Allez Les Grenadières

When Haiti’s national women’s team take to the field for ninety minutes, they allow the Haitian people to dream.

Renane, aged 8, plays football in Port au Prince, Haiti, 2010. Image credit Russell Watkins via Flickr CC BY-NC-ND 2.0 Deed.

According to Haitian sports journalist Bertinie Cherizard, “Haiti is one of the bastions of women’s football in the Caribbean.” Les Grenadières—named for an armed unit of the Haitian indigenous army—have attracted significant attention for being what FIFA has called Haiti’s golden generation of women footballers, making their impact known year after year in the face of overwhelming local obstacles. In 2023, the national senior women’s football team competed in the women’s World Cup for the first time—appearing with one of the youngest teams in average age, with only four players older than 25 and six teenagers on the squad—but were unable to make it out of the group stages. Les Grenadières appeared on the international stage again in February 2024 for the CONCACAF Women’s Gold Cup preliminaries, competing for the final qualifying slot of the tournament against Puerto Rico. 

The recent attention is certainly a boon, but this newfound visibility did not happen in a vacuum—it is the result of a hard-fought journey spanning over 50 years. In 1971, Parc Sainte Thérèse, located in Pétion-Ville, a suburb of Port-au-Prince about eight kilometers away from the heart of the city, began hosting young women’s football games with girls from nearby neighborhoods. That December, the Amazones, Haiti’s premier women’s football club, was founded. Other clubs quickly came to fruition—AS Tigresses, Excelsior from la Plaine, and Gladiatrice were founded by early 1972. By the second tournament at Parc Sainte Thérèse in October 1972, 10 women’s football teams had signed up. The sport quickly expanded past the Port-au-Prince area—with teams like Aurore de Brach and Anacaona in Léogâne, Star des Gonaïves, Les Irondelles des Cayes, Les Jongleuses du Cap Haitien, and Surprise de Jacmel—and the clubs all had loyal fans that drew large crowds.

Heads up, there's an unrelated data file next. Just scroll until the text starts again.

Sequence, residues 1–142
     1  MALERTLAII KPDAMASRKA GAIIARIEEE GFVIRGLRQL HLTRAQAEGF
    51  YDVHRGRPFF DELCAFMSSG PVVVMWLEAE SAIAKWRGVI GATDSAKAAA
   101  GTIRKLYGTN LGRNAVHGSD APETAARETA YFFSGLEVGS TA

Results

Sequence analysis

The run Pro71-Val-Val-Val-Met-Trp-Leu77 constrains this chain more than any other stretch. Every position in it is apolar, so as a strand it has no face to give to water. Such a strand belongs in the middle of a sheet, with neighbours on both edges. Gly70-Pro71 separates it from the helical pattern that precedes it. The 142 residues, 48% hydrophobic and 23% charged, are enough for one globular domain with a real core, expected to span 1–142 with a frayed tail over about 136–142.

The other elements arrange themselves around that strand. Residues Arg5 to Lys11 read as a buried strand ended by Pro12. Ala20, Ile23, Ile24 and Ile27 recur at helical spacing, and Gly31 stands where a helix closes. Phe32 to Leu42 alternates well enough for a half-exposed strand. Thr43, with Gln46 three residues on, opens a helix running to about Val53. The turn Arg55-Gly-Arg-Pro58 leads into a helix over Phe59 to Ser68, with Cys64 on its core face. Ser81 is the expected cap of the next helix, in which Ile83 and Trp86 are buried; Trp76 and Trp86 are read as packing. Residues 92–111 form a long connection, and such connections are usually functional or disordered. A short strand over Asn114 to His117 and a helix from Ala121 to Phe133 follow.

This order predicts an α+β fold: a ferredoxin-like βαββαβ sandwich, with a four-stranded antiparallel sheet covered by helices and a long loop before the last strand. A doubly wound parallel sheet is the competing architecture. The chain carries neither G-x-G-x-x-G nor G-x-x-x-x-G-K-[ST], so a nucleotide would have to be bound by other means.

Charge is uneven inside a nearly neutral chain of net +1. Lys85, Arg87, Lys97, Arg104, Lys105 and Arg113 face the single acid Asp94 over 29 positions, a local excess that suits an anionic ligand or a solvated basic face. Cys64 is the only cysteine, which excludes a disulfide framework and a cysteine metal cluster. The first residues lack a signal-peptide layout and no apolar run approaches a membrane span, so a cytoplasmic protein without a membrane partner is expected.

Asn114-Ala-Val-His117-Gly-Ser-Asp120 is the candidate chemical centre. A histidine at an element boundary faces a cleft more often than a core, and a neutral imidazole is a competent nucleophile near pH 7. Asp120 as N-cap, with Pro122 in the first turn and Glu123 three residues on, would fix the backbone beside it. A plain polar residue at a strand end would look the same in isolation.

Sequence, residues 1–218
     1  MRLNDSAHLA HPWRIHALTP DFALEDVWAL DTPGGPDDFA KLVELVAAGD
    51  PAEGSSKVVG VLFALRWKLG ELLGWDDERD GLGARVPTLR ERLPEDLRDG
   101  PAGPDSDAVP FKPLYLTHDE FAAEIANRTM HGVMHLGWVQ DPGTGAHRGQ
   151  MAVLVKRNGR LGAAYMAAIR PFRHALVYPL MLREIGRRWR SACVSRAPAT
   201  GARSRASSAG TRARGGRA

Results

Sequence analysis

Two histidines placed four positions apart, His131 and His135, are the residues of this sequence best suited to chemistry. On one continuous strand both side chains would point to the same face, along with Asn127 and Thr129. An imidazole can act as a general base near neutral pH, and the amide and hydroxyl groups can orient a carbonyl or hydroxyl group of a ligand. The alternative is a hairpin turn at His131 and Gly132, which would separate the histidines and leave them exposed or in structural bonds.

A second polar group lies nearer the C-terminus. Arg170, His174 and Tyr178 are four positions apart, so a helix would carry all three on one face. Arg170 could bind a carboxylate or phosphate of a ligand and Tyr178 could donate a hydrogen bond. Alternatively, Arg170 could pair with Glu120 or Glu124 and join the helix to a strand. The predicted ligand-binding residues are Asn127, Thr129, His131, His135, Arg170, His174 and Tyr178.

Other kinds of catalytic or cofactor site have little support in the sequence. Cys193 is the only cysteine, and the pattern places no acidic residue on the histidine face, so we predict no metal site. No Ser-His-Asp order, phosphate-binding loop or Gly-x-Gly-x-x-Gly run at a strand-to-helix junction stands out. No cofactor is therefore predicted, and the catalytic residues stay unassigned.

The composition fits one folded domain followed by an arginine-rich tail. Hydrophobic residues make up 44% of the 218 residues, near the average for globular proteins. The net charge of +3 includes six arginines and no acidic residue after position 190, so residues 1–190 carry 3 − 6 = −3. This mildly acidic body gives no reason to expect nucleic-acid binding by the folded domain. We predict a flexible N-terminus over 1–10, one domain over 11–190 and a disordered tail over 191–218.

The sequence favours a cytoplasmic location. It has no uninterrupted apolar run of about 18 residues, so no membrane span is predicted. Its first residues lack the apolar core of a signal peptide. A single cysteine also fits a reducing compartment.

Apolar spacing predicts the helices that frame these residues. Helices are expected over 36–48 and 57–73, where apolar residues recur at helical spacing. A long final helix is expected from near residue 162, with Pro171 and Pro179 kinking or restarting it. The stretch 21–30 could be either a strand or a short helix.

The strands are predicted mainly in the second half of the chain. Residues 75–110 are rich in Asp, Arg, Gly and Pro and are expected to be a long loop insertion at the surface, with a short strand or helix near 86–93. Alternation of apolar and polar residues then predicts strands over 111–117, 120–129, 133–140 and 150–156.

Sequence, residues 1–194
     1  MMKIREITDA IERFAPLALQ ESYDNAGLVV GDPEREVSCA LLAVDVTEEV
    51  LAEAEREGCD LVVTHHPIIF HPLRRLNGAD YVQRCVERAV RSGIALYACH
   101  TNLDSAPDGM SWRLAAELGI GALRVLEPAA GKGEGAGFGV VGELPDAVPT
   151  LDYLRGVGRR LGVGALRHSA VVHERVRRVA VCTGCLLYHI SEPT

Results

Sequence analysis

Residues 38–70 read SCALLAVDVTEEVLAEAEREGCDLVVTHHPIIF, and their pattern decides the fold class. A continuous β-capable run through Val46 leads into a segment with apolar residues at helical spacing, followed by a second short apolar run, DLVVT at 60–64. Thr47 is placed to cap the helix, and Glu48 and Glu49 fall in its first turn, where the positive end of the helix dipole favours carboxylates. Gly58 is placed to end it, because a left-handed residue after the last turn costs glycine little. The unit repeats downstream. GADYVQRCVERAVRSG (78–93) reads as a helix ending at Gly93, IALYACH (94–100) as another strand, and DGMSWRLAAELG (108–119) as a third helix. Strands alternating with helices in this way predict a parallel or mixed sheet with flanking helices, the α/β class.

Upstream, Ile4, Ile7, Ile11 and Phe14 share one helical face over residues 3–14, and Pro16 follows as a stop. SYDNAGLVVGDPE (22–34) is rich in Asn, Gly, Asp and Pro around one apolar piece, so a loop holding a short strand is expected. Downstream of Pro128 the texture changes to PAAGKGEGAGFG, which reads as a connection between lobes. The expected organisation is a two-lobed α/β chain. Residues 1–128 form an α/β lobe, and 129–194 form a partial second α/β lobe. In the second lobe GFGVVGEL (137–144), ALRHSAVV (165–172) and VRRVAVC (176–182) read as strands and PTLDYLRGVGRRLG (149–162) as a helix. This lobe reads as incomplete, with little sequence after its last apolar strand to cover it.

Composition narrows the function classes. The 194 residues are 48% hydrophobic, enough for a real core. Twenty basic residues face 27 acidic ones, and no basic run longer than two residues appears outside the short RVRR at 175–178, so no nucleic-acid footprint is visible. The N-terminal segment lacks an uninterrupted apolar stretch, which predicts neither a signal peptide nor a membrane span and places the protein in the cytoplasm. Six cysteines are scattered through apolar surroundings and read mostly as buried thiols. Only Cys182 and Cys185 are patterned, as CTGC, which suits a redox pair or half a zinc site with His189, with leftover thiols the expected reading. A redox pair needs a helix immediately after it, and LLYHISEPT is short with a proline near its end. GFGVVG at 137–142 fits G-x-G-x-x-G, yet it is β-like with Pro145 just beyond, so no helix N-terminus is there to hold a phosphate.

In October 1973, the Haitian Football Federation (FHF) officially recognized women’s football, giving the teams access to the country’s national stadium, Stade Sylvio Cator. This pivotal change allowed Haitians to easily walk to the women’s games, eliminating prohibitive transportation costs for Port-au-Prince’s working-class fans who would have to commute to Parc Sainte Thérèse. Over the years, more resources became available to women’s football, like Camp Nou, a residential facility for young players offering traditional schooling in addition to sports training, referred to by most people as “the ranch.”